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Some conversations and reactions to my earlier post have made it clear to me that I need to clarify some points and my thoughts on Unitus and SKS. So here goes:

1) I have no objections whatsoever to for-profit microfinance. In fact, I’m a believer in the need to attract commercial capital to microfinance. I’m also an ardent supporter of market-based approaches to alleviating poverty (as will be clear to anyone who reads more than a few posts on Philanthropy Action).

2) I’m a big fan of microfinance in general, while being a skeptic about the claims many make for its social impact. I’m a fan because, more than most other anti-poverty programs, it allows the poor to make their own decisions and exert control over their own lives.

3) There are two issues related to Unitus that I’m concerned about: a) the fact that the same board which directed $6.6 million of charitable grants to SKS also stood to benefit personally from equity investments in SKS; b) how the non-profit Unitus’s share of income and equity in SKS was distributed when UEF I was spun-off.

4) In the former case, this is an issue much larger than Unitus. The folks at Unitus can probably be forgiven for not thinking through the full implications of crossing the boundaries between non-profits and for-profits. What Unitus did had never been done before. But now that it has, it’s legitimate to ask questions both about what happened at Unitus and what the proper governance, regulations and social norms are for social enterprises that take both non-profit and for-profit capital and for the boards that oversee them. This is a messy world we live in now, and if we don’t establish some rules and norms then our ability to innovate and attract capital to social enterprises will be unnecessarily constrained. The social enterprise sector needs to wrestle with these questions now in order to build the confidence and trust necessary to keep the sector growing.

5) In the latter case, there simply isn’t information available as yet. It is a legitimate question to ask (and it impacts on the former issue) and I hope we get some answers soon that prove that transaction was handled in an above-board and ethical way. The only reason to question that is the current lack of information and the potential conflicts of interest. That’s important for other social entrepreneurs to note: to maintain confidence and trust from the public they need to be fully transparent about transactions that shift assets from non-profits to for-profits.

6) The decision by Unitus that it had fulfilled its mission and it was time to redirect its efforts was, on its face, an admirable one. A disappointing result of the lack of transparency in this whole process is that it potentially undermines incentives for other non-profits to follow suit. Rather than being an example to follow, Unitus may end up being a cautionary tale and that’s unfortunate.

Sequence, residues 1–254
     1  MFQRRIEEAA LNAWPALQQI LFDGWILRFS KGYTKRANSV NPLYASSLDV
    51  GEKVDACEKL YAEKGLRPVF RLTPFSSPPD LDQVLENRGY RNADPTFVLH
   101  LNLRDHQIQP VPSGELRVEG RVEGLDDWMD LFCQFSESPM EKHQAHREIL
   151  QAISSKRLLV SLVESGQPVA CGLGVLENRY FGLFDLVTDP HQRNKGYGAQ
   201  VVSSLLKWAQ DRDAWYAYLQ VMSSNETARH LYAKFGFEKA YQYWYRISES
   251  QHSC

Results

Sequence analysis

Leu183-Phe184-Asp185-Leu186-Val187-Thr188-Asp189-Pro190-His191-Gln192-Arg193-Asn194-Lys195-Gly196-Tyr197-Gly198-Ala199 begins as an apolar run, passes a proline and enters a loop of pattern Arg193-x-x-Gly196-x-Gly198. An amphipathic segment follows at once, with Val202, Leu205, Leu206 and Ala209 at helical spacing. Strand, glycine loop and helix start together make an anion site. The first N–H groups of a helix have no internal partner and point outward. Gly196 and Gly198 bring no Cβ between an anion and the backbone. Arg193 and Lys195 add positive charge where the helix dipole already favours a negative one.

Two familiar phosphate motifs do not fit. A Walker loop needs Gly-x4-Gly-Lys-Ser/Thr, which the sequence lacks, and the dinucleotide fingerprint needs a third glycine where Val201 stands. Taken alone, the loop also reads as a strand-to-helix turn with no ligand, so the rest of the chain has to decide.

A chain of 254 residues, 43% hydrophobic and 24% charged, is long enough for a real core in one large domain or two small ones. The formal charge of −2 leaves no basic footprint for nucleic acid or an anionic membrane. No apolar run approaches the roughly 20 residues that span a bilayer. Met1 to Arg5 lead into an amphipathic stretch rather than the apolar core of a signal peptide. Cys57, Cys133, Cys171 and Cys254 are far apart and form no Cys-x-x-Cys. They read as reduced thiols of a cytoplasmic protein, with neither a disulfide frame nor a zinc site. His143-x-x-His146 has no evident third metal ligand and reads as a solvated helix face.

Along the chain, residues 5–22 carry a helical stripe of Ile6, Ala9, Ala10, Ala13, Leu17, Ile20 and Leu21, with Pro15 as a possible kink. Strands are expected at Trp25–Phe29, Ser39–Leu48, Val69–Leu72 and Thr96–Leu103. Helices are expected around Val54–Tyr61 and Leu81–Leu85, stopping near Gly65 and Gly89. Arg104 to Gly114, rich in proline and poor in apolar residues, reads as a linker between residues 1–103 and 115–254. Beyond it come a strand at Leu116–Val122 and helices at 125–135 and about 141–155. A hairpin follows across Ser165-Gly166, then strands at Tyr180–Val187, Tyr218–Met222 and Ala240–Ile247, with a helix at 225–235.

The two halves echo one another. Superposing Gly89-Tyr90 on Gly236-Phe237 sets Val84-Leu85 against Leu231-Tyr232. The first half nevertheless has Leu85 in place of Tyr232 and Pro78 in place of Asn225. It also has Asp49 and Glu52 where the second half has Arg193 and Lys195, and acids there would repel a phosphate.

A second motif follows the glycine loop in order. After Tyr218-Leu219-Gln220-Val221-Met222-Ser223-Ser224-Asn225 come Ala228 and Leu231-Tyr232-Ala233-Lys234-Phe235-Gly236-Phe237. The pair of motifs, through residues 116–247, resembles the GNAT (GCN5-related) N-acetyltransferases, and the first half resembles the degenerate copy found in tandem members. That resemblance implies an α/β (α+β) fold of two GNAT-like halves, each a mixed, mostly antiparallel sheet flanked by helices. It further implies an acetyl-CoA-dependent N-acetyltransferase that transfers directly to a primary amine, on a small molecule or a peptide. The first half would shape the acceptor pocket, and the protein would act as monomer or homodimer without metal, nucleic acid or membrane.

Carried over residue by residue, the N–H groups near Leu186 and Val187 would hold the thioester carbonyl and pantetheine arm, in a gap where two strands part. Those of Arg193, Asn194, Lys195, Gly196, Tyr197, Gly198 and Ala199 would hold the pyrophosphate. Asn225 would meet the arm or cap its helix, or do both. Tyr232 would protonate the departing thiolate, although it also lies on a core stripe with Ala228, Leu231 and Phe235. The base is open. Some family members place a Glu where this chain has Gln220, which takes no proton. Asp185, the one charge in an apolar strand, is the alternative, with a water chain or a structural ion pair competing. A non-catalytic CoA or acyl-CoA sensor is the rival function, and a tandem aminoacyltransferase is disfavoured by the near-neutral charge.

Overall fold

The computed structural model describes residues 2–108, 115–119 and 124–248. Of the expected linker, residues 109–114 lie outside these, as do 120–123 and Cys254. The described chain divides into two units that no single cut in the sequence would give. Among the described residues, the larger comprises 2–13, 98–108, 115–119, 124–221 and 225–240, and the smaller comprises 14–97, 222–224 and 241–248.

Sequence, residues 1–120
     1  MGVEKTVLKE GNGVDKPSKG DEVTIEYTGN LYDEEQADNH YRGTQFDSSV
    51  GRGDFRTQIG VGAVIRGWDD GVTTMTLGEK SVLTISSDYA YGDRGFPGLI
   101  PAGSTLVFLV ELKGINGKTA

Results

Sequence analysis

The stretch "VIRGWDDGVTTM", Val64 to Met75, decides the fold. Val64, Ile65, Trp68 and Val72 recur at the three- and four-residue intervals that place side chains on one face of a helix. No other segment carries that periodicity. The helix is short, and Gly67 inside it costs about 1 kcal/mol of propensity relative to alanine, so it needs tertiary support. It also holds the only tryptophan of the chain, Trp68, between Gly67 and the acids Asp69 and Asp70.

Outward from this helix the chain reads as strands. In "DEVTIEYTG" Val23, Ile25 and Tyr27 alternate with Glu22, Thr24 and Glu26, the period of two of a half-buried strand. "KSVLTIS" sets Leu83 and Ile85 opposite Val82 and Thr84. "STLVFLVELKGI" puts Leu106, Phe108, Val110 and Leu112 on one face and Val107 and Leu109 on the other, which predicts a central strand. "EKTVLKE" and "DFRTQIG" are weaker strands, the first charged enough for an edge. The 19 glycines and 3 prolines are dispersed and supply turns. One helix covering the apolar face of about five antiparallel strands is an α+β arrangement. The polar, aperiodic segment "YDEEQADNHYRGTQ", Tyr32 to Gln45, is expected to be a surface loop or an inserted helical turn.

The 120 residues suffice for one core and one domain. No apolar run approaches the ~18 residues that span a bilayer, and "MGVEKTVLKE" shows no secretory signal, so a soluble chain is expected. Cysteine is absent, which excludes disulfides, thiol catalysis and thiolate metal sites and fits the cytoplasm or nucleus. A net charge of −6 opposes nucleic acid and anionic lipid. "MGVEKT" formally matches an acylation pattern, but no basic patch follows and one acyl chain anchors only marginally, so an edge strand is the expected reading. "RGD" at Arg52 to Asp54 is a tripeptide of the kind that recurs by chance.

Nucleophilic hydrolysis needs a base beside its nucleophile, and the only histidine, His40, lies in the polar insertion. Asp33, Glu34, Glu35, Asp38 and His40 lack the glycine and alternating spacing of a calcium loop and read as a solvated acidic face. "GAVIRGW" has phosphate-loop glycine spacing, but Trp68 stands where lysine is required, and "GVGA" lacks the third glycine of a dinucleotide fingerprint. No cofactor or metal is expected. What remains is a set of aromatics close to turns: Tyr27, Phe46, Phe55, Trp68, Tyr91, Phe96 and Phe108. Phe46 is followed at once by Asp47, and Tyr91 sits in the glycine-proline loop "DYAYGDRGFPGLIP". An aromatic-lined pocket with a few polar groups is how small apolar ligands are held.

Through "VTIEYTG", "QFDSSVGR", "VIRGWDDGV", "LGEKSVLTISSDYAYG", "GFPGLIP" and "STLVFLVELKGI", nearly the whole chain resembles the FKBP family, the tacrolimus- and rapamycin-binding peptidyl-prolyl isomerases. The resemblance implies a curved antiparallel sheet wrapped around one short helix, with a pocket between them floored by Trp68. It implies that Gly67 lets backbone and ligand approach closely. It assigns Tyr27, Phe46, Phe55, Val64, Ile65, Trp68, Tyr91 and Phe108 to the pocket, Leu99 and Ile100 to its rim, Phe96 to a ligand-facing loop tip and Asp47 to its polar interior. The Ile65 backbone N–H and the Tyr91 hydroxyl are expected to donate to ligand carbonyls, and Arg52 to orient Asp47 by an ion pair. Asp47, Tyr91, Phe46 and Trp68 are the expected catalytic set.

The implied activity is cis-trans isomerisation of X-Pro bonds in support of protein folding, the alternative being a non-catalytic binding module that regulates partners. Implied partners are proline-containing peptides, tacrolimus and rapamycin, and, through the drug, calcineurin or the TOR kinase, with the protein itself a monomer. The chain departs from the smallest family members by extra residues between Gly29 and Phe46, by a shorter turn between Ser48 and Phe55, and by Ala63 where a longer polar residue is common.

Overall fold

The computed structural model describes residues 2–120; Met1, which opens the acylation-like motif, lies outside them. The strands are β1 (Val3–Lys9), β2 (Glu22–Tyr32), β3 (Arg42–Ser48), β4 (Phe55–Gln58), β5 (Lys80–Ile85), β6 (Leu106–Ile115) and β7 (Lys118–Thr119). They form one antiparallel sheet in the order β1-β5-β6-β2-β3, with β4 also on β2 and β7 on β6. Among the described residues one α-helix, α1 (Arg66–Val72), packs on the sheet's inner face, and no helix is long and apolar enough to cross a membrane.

7) The question I raised in the New York Times about how Unitus will use the funds coming to it from the SKS IPO was not meant to suggest that Unitus redirecting its efforts was the wrong decision. But by the Unitus board’s own logic—to whit, the microfinance industry now has lots of capital flowing to it—it is even more important to make sure you have experts allocating those funds. Given that the Unitus board has said that it will use the funds it has in service to its original mission it is exceedingly odd that they would dismiss the staff before deciding how to distribute that money. Without those experts to guide it, in a market with lots of capital flowing around, it’s hard to imagine that Unitus will be able to spend that money well. Imagine for a moment a private equity fund that on the verge of selling its largest portfolio company lays off all of its analysts. Investors would legitimately question how the the fund was going to use the money coming in.

In closing, the key issue for me is not that something “wrong” was done; it’s certainly not that people are profiting by serving the poor. The key issue is how we as a society handle the cross-overs between the public interest and private interest. We debate these issues endlessly when it comes to economic stimulus, bailouts, and government contracts. It’s time for the social entrepreneurship sector to debate these issues too—and to come up with some very good answers that ensure the public maintains confidence in social enterprise as a way of solving our pressing problems.


The comments to date are more surface thoughts and do not go deep into the question of ethics.  As I see it, this microfinance effort was partially funded with charitable money to make the lives of the poor better, not the rich.  The poor were lent money at high rates, 70% annually and the cost of the lending had a zero capital cost since it was charitable leaving a huge margin that should have been past on to the poor to lift them out of poverty to even higher, sustainable levels.  Instead, return on investment has been high and an IPO enriches some while the poor at left behind.  We need to work towards the Common Good, and not leverage the poor to enrich a few.  Tom

[Editor’s Note: SKS never charged anything like 70% interest rates (see linked news articles that document rates around 20%) and a significant portion of their capital was received through equity and debt, not via charitable donation. Return on Investment at SKS has been high because, by all accounts, it has been a very well-run organization]

July 31, 2010

hey tim,
india’s economic times published this interview with joseph grenny yesterday. take a look.

August 13, 2010

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